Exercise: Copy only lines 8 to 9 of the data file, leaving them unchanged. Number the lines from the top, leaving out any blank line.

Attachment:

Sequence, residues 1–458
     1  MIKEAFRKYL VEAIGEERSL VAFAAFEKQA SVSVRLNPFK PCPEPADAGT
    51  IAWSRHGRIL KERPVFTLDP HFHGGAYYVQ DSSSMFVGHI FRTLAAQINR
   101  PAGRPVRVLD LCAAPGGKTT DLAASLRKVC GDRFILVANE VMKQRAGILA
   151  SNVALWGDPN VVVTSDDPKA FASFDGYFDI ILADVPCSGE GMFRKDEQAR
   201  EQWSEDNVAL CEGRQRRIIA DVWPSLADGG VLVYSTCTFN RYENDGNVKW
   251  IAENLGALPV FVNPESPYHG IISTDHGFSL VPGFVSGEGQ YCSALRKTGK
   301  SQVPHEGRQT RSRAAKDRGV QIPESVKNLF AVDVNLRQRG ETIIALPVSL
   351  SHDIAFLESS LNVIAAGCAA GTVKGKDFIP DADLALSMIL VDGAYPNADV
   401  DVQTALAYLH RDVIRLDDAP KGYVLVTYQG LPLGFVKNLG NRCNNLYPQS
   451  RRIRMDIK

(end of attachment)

   301  SQVPHEGRQT RSRAAKDRGV QIPESVKNLF AVDVNLRQRG ETIIALPVSL
   351  SHDIAFLESS LNVIAAGCAA GTVKGKDFIP DADLALSMIL VDGAYPNADV